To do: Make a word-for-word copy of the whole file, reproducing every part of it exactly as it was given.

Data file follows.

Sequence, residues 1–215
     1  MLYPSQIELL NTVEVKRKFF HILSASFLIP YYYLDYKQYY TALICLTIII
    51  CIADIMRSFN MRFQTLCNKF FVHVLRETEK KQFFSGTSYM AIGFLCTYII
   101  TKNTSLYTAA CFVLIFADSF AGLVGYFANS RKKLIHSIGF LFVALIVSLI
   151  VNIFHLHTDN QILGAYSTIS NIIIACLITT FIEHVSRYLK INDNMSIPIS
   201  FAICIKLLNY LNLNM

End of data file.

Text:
Sequence, residues 1–215
     1  MLYPSQIELL NTVEVKRKFF HILSASFLIP YYYLDYKQYY TALICLTIII
    51  CIADIMRSFN MRFQTLCNKF FVHVLRETEK KQFFSGTSYM AIGFLCTYII
   101  TKNTSLYTAA CFVLIFADSF AGLVGYFANS RKKLIHSIGF LFVALIVSLI
   151  VNIFHLHTDN QILGAYSTIS NIIIACLITT FIEHVSRYLK INDNMSIPIS
   201  FAICIKLLNY LNLNM